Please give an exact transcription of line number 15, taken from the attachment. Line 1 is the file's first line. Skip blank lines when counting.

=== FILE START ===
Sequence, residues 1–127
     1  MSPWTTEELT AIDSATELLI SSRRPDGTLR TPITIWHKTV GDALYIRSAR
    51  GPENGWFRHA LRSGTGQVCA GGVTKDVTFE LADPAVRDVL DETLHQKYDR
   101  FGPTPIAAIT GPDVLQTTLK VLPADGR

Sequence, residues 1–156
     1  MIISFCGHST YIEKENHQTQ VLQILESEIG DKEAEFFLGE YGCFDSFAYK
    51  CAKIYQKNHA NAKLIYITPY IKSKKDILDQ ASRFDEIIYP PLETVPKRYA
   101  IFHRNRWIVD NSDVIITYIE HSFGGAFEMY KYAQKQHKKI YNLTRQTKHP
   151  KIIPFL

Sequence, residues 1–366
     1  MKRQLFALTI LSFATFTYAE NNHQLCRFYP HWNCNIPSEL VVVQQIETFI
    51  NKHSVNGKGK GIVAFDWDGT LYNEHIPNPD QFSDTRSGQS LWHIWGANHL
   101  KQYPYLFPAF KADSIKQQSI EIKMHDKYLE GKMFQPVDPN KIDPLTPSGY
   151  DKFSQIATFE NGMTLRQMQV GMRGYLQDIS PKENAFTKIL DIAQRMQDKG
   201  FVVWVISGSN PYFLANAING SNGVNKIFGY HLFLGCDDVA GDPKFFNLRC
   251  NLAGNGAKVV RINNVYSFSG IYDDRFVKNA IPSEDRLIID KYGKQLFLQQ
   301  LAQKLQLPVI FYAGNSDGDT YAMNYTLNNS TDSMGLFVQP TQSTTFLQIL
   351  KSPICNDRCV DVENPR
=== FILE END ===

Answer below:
   201  FVVWVISGSN PYFLANAING SNGVNKIFGY HLFLGCDDVA GDPKFFNLRC